The primary findings of this study indicate that 6-week corrective exercise intervention improved the overall FMS® score of the female netball players. However, the magnitude of change and the lack of changes in most of the individual tests, demand caution when interpreting these results. To the author’s knowledge, this is the first study to demonstrate these effects using intervention and control groups in netball.
When interpreting the effect of the intervention, consideration should be given to the age and gender of the population, type of sport or physical activity, and type and length of the intervention. In this study, we incorporated FMS® recommended intervention with the standard strength and conditioning program and found that adding corrective exercises partially improves the functional movements relative to strength program alone. In addition to the significant increase in an overall score, number of athletes scoring above 14 in the intervention group also significantly increased—a score identified to arguably predispose athletes to injury [6, 17]. These improvements are in agreement with the few studies that examined the effect of intervention on FMS® score, although on male mixed martial artists  and predominantly male firefighters .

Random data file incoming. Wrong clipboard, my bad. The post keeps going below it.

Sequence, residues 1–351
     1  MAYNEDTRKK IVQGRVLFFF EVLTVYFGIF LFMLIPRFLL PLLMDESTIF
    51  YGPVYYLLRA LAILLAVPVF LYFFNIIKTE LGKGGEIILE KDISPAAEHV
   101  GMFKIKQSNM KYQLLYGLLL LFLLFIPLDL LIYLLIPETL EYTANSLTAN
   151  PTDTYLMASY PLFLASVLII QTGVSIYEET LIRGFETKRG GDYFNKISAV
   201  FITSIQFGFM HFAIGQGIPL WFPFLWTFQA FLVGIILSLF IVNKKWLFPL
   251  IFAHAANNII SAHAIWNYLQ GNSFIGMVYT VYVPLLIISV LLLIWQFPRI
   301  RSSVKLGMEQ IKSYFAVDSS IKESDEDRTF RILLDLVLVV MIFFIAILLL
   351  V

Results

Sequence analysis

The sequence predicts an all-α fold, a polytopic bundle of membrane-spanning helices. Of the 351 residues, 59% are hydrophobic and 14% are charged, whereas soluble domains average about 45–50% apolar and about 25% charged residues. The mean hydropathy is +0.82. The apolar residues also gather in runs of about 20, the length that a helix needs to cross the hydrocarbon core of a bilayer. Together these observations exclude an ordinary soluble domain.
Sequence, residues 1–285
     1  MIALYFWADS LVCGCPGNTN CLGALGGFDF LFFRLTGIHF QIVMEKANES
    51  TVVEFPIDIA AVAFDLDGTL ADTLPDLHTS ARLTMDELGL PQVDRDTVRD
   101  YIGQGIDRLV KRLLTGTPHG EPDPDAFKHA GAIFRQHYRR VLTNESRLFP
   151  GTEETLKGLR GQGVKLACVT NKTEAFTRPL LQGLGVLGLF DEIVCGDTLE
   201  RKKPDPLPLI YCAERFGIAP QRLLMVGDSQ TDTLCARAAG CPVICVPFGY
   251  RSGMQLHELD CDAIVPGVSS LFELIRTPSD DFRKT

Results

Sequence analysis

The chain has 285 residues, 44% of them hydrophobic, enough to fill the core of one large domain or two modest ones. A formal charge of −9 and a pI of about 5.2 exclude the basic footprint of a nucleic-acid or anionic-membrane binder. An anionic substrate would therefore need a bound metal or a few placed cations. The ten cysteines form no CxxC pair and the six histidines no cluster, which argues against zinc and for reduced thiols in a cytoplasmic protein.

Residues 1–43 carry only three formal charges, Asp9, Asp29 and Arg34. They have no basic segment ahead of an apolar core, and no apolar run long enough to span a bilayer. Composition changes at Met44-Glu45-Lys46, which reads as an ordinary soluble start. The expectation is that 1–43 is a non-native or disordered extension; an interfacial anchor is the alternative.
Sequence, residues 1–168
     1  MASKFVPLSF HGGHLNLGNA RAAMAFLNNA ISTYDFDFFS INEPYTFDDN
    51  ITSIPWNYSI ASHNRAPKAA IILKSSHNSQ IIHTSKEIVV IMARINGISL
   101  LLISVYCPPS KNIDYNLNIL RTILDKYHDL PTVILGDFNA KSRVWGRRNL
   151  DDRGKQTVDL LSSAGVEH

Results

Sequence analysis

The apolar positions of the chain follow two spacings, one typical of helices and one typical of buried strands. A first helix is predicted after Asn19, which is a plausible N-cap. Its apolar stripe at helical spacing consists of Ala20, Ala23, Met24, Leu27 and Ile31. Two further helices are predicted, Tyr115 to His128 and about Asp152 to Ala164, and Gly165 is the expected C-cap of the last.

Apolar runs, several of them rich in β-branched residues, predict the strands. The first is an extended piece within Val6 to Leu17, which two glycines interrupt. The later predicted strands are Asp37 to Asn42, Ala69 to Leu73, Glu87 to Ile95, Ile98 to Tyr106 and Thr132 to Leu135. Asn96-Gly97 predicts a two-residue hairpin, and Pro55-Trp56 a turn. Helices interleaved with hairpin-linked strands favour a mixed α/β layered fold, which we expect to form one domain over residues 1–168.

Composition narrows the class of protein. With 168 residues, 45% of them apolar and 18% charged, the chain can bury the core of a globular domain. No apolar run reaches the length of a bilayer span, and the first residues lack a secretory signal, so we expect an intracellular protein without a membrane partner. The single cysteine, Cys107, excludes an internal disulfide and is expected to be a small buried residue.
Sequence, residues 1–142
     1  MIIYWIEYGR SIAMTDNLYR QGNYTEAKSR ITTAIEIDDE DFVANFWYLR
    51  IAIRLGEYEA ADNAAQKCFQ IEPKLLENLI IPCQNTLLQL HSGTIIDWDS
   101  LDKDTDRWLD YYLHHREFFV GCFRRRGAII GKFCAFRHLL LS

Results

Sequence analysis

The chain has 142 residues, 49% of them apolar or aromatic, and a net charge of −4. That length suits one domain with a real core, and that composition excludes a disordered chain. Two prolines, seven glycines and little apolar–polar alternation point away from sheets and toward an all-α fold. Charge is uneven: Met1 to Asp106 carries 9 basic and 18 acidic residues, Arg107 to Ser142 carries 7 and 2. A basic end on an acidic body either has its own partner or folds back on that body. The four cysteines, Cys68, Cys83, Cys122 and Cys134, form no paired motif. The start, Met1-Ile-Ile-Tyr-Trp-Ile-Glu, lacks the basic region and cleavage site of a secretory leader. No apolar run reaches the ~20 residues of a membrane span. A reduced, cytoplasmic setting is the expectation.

However, the increase in score of the intervention group can be attributed only to changes in ASLR, TSPU and potentially the hurdle step scores of the intervention groups, as shoulder mobility, in line lunge, deep squat and rotary stability did not differ between groups. These results are somewhat expected as FMS® suggested intervention based on the initial assessment is largely based on improving core stability and control , while tests for which overall upper and lower body strength is required, have improved the same over the course 6-week for both groups. Hence, including few core corrective exercise into a “standard” strength and conditioning program might have a similar effect as including additional training with focus on FMS® corrective exercises.